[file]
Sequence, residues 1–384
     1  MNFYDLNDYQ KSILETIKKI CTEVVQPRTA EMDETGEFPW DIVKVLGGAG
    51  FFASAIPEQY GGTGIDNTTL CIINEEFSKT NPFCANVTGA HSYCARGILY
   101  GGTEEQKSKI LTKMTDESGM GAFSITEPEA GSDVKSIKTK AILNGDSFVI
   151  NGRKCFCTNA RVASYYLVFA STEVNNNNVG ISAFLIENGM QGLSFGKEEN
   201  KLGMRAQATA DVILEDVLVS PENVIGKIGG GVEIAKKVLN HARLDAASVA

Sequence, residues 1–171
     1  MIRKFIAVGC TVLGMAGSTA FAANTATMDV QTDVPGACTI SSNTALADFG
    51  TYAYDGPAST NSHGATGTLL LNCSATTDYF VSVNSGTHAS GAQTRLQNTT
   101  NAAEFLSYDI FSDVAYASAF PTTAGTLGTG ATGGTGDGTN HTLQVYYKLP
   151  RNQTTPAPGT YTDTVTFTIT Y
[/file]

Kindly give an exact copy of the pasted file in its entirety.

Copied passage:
Sequence, residues 1–384
     1  MNFYDLNDYQ KSILETIKKI CTEVVQPRTA EMDETGEFPW DIVKVLGGAG
    51  FFASAIPEQY GGTGIDNTTL CIINEEFSKT NPFCANVTGA HSYCARGILY
   101  GGTEEQKSKI LTKMTDESGM GAFSITEPEA GSDVKSIKTK AILNGDSFVI
   151  NGRKCFCTNA RVASYYLVFA STEVNNNNVG ISAFLIENGM QGLSFGKEEN
   201  KLGMRAQATA DVILEDVLVS PENVIGKIGG GVEIAKKVLN HARLDAASVA

Sequence, residues 1–171
     1  MIRKFIAVGC TVLGMAGSTA FAANTATMDV QTDVPGACTI SSNTALADFG
    51  TYAYDGPAST NSHGATGTLL LNCSATTDYF VSVNSGTHAS GAQTRLQNTT
   101  NAAEFLSYDI FSDVAYASAF PTTAGTLGTG ATGGTGDGTN HTLQVYYKLP
   151  RNQTTPAPGT YTDTVTFTIT Y